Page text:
“Civil Society": Between individual citizens and the govt, society is healthy if it has a thick layering of organizations in which people can volunteer and give and participate and engage, and bring their generosity, their sacrifice, and their time, etc.  What makes it thriving is the faith-based initiatives.  When you dis-establish faith, you have this entrepreneurialism that America represents and the First Amendment is closely linked to that.

3.    Religious liberty is key to SOCIAL HARMONY.  Harmony in China.  No big deal; yes, China has diversity with relative harmony – by COERCION.  The real challenge is to have diversity WITH LIBERTY and still achieve harmony.  US has done better than any other in history.  How?  First Amendment: strong religious convictions and strong political civility Other parts of the world has one or the other.  E.g. Western has strong civility; the Middle East strong religious convictions.

II.  Examine some of the common mistakes of those trying to defend religious liberty today:  Here are 3 reasons why they are misguided and will never win:

1.      Those who think we can rely on law alone.  Increase litigation, deeper schism, no answer.   The law by itself will never protect freedom, it must also have “habits of the heart”.  Fatal mistake of the Christian Right. 

2.    Fight for my interests, rather fight for the interests of the common good.  The Christian Right talk about “justice”, but what they mean is “just us”.  

The essence of religious liberty – freedom of thought and conscience – is that it’s mutual; it’s reciprocal; it’s universal.  Christians should have reason of their own for this, e.g. the Golden Rule.  But we don’t practice this; and it’s fatal.

The fact is: the right for one is always the right for another, and the responsibility for both.  The right of a Christian, is the right for the Jew, the right for the Muslim, the right for an Atheist; and the responsibility of all.  Rights are best protected when the tiniest community feels safe.  And when the most unpopular community knows their rights are guaranteed.  For those of us who are followers of Jesus, not to fight just for ourselves, but to fight for the common good, and above all, for the last and the least, because there’s no one else to fight for them.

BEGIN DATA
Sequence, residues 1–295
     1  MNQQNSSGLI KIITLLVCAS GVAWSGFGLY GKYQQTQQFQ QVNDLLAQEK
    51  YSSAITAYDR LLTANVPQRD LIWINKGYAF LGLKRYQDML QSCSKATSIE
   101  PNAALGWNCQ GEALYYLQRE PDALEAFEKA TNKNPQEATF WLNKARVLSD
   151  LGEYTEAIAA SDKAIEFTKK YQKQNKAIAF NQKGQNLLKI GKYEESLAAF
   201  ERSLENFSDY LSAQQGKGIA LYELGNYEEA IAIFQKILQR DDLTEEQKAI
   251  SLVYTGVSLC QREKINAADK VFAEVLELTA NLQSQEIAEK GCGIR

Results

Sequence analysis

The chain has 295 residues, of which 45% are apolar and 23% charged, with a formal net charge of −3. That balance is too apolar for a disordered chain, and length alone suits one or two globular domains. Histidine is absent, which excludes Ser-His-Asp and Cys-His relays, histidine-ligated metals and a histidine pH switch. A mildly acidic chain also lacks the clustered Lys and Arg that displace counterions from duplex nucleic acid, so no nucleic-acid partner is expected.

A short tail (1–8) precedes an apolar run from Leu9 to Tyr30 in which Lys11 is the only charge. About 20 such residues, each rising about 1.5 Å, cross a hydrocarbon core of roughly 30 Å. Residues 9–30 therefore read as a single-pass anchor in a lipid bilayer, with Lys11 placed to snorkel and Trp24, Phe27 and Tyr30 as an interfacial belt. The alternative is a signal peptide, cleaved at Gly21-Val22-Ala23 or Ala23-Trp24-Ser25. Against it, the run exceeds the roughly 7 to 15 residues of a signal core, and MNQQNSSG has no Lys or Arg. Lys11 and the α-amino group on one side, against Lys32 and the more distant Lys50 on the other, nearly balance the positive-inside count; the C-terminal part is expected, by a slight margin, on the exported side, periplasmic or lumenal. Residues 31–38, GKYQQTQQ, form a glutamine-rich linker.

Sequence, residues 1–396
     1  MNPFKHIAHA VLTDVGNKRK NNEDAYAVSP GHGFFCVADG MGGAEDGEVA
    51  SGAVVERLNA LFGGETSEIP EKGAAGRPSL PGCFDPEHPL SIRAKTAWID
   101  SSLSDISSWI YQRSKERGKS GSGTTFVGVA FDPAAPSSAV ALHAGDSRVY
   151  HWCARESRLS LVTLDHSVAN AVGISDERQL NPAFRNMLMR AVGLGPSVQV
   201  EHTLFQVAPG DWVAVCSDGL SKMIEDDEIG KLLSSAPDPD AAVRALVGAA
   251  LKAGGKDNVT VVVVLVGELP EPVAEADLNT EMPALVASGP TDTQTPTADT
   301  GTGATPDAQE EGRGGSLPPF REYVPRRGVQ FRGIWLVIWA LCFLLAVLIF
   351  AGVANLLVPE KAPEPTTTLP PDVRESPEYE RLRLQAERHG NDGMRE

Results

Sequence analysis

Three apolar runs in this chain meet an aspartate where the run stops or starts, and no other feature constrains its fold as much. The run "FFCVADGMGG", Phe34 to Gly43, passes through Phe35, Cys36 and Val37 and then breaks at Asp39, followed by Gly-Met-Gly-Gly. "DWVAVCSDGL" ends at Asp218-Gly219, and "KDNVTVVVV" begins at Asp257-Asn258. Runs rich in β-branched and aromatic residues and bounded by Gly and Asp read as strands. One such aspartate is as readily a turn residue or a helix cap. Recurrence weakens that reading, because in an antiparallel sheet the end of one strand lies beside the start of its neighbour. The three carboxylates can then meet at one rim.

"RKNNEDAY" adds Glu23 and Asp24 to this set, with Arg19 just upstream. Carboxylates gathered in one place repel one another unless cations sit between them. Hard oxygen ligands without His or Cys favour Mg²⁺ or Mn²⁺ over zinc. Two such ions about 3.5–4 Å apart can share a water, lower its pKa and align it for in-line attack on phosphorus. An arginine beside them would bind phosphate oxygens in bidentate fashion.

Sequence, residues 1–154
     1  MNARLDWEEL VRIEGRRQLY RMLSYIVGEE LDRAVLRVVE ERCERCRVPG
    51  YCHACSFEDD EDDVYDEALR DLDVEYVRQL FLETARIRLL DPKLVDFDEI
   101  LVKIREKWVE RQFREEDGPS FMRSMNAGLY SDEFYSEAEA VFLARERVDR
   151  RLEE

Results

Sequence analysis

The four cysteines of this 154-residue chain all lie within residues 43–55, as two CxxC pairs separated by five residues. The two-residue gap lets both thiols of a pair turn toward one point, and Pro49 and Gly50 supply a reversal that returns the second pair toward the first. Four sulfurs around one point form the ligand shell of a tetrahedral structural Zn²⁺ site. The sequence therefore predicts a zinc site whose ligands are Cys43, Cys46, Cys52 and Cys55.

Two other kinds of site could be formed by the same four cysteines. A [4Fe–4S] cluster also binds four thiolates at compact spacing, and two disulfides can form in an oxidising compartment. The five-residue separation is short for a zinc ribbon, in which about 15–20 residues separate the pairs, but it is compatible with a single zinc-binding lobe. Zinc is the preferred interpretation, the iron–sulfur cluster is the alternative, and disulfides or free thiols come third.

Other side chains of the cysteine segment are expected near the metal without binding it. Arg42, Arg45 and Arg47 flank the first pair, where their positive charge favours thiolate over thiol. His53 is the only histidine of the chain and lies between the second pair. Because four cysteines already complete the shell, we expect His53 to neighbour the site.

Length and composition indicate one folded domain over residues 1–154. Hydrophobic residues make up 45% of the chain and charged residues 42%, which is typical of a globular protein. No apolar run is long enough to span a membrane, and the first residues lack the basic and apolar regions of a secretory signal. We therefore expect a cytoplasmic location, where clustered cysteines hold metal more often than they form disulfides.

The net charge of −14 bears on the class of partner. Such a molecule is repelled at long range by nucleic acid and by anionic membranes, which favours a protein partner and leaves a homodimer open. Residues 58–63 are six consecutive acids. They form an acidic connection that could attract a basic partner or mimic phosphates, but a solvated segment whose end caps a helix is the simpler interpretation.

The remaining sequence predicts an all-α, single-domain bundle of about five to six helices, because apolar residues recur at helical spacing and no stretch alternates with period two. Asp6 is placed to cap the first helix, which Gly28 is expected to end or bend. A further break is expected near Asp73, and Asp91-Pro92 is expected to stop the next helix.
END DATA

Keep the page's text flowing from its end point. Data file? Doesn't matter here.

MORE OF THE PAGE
3.    Fighting the negative with a negative (mistake of Liberals, exploited by Muslims): Phobia-rizing of disagreements.  Harmony-phobia; Muslim-phobia.  Christ-phobia.  Yes, Christians are the most persecuted people, but as Christians we should expect this and see as a badge of pride: our symbol: Jesus, naked, tortured on an executioner’s instrument.

Freedom of thought and conscience protects BELIEVERS, it never protects BELIEFS.  As soon as you shift to protecting BELIEFS, you silence debate.

We should disagree persuasively, civilly.  But those who try to fight the negative with the negative makes thing s worse, when you have to teach the positive which is FREEDOM OF CONSCIENCE and knowing the “three Rs”: rights, responsibility, respect.

Ways to lead us forward: 2 competing models, on how religion should enter public life, if at all.

1.       Sacred Public Square: to prefer one faith over another at the expense of all others.

2. Civil Public Square

3.  Naked Public Square: to exclude all faiths from public life, and unintentionally favors Secularism.

There are variations of all these.  Church of England (mild and innocuous) at one end, Iran at the other extreme (harsh, exclusive).   

Either one is unjust and unworkable.

CIVIL PUBLIC SQUARE: a vision of public life where everybody is free to enter the public life on their basis of their faith (i.e., freedom of conscience).  BUT within the framework of what is understood and agreed and passed on from generation to generation… emphasizes persuasion.

CIVILITY has no powerful backing at the national or international level today.

Some simple misunderstanding of CIVILITY: